Brooms and Bell

A few days ago, I wrote that most fans would have been satisfied with a 5-5 record when this road trip began. The Orioles are one loss away from returning home with that record.

Probably not as satisfying anymore.

The Orioles have been swept once this season, by the Yankees at home. They'll try to avoid a repeat today in Anaheim.

Fresh off his first major league win, left-hander Wei-Yin Chen will try to salvage one game of this series against the Angels.

It won't happen if the Orioles keep throwing the ball away and kicking it around like they've joined FIFA. They made three more errors last night, giving them 19 for the season to tie the Giants for the most in baseball.

Dan Haren starts today for the Angels. J.J. Hardy is 4-for-9 with three doubles and four RBIs lifetime against him. Endy Chavez is only 2-for-12, but he'll probably be in left field again while Nolan Reimold receives treatment for neck spasms.

Lower backs, groins, hamstrings and shoulders were the most common injuries in spring training. Neck spasms must be a regular season thing.

I didn't see much of Josh Bell in spring training, since he was one of the last players to report - he might have beaten Chavez through the door, but only by a few steps - and he was included in the first round of cuts.

Bell never lived up to the hype after being acquired from the Dodgers with pitcher Steve Johnson in July 2009 for reliever George Sherrill.

Johnson is in Triple-A Norfolk. Sherrill is in Seattle. Bell was traded yesterday to the Diamondbacks for a PTBNL or cash.

If a player is coming back to the Orioles, he won't be a top prospect. He probably won't be a mid-level prospect. He'll most likely be someone you've never heard of unless you've studied every name in the Diamondbacks' farm system.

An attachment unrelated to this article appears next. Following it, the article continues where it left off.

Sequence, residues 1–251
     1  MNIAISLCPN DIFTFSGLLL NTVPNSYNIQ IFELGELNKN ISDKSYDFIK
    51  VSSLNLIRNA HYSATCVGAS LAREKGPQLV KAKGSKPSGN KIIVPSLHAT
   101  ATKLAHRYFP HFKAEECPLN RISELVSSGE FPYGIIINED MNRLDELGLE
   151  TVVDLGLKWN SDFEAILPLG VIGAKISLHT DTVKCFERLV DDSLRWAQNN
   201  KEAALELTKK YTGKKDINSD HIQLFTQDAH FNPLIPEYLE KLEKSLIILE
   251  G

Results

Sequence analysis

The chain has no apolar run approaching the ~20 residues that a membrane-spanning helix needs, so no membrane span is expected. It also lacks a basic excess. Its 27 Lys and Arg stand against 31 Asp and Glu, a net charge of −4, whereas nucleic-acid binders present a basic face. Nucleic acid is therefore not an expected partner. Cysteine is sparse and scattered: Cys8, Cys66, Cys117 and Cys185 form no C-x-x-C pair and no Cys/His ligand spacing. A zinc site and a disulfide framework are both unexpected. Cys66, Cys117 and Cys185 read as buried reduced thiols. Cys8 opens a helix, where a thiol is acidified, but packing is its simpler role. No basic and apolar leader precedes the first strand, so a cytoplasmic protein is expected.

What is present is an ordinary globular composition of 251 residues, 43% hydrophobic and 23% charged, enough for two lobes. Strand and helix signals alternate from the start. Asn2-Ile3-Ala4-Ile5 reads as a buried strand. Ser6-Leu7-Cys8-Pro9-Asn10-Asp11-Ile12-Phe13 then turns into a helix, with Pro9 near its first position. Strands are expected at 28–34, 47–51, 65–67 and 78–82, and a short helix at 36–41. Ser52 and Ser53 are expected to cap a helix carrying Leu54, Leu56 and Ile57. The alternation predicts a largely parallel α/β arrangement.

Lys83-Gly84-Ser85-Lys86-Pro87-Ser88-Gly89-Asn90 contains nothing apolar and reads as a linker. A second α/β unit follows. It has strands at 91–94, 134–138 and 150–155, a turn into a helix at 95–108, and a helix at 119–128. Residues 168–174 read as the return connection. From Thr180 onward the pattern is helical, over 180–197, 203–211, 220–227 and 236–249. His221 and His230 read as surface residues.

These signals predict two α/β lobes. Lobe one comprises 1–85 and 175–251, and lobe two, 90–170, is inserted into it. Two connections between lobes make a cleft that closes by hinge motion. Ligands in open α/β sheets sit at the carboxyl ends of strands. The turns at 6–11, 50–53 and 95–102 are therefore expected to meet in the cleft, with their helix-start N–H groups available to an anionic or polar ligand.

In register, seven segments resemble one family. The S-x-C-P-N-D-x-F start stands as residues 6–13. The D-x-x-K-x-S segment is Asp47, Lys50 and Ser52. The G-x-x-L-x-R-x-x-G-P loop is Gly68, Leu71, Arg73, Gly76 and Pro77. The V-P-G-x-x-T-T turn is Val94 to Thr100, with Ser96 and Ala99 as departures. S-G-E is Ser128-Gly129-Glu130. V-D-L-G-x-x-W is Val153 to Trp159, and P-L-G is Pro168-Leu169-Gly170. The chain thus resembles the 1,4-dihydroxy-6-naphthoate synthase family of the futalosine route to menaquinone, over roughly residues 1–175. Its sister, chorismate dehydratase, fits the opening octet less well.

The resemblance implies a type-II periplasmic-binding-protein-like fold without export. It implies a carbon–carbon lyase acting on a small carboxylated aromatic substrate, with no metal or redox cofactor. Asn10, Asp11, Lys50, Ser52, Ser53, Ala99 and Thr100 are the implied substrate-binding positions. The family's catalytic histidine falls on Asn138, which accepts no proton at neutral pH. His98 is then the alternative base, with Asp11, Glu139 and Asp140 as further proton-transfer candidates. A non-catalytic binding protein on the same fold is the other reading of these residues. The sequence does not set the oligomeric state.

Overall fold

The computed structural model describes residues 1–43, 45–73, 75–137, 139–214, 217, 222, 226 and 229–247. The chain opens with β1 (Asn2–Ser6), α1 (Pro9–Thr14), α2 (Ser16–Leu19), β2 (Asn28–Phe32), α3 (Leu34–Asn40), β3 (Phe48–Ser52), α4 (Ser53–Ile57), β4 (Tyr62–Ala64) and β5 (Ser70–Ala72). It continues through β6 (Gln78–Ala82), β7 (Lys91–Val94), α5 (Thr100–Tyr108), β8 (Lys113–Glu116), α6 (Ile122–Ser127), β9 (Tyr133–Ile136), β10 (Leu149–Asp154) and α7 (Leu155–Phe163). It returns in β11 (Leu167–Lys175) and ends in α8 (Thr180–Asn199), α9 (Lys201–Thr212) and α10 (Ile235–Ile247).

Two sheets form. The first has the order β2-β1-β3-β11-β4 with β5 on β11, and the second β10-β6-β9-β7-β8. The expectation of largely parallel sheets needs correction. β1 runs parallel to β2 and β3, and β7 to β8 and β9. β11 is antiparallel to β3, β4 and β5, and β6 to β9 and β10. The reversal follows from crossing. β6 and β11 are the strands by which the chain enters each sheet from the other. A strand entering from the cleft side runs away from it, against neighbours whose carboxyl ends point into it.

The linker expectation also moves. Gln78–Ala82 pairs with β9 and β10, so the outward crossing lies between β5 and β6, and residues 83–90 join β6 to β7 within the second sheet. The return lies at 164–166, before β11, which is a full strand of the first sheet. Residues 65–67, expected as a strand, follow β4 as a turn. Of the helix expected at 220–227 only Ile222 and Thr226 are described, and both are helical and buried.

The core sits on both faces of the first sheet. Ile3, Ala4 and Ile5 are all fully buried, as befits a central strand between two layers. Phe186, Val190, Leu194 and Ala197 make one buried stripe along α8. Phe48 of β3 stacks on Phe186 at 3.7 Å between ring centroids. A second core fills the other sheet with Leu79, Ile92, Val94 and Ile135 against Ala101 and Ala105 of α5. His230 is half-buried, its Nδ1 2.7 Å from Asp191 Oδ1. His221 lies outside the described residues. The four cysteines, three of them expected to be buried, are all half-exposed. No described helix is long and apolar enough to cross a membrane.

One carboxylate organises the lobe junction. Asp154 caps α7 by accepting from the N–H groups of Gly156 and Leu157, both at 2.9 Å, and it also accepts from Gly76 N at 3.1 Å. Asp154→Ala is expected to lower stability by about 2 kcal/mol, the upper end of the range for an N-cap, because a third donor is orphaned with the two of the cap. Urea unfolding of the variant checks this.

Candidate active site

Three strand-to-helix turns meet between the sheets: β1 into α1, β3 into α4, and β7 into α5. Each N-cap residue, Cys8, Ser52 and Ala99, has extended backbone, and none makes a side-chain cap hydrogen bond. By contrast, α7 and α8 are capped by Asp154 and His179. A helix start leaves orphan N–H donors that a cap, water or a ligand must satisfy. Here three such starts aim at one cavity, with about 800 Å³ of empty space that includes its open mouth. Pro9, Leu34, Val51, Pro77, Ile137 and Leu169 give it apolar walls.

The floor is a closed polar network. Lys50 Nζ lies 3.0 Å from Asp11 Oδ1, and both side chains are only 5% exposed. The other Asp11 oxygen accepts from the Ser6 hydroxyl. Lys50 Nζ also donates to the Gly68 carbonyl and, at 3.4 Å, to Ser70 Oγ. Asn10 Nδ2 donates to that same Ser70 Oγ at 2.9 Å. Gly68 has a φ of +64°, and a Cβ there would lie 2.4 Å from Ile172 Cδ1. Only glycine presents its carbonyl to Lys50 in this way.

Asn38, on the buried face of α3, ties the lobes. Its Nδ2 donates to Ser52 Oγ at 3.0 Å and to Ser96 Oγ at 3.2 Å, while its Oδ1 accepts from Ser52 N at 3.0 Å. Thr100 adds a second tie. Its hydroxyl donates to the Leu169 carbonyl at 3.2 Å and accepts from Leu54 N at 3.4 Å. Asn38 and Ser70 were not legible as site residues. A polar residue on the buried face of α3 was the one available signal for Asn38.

Bell showed flashes of his offensive potential, like when he hit two home runs off Cliff Lee at Camden Yards, but he couldn't sustain it. He was terribly inconsistent defensively, which further eliminated him from consideration as the Orioles' third baseman of the future.

Maybe everything will click for Bell in the Diamondbacks' organization. He could use an infusion of energy. Plenty of people in the organization noticed that it ran pretty low with the Orioles.

I never understood why he didn't show up early to camp this spring and put up more of a fight for a job, unless he saw the writing on the wall and was just waiting for the inevitable.

Bell hit .200 in parts of two seasons with the Orioles. He was 3-for-32 with Norfolk this season, and he no longer played third base. He hung onto his spot on the 40-man roster over the winter, but only because the Orioles thought he still had some trade value - unlike outfielder Matt Angle, who didn't draw any interest, was designated for assignment and later claimed by the Dodgers.

The Orioles liked Angle more than Bell, but they couldn't get anything for him.

Teams weren't beating down the door for Bell, but the Diamondbacks see something in him and are willing to part with a player or cash.

The Orioles' decision to DFA Bell last week after claiming catcher Luis Exposito on waivers from the Red Sox further illustrates their improved depth in the organization. Bell was untouchable after the Sherrill trade. He inched closer to the roster bubble last year and sat on top of it all winter, his name always included in speculation over which player was next to be cut.

The bubble popped last week, and now he's gone.

Shameless plug alert: I'll be appearing on "O's Xtra" on MASN2 at 3 p.m. But first, I'll be doing a call-in segment on "Fantasy Baseball Weekend" at 1:30 p.m. on Sirius/XM satellite radio

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